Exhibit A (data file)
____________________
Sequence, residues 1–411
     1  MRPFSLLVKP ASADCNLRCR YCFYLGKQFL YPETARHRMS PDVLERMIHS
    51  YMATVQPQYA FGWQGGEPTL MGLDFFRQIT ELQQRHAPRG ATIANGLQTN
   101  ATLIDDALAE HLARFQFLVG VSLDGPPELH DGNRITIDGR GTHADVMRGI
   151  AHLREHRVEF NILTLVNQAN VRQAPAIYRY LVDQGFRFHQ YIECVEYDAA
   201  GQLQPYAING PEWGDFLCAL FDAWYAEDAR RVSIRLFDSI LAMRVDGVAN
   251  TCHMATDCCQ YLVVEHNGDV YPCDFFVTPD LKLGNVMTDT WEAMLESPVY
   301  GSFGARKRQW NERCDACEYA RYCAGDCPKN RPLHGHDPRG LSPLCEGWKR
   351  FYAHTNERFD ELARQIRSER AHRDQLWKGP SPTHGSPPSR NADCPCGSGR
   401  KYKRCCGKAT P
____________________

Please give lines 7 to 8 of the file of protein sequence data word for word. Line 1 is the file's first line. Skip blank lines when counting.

   251  TCHMATDCCQ YLVVEHNGDV YPCDFFVTPD LKLGNVMTDT WEAMLESPVY
   301  GSFGARKRQW NERCDACEYA RYCAGDCPKN RPLHGHDPRG LSPLCEGWKR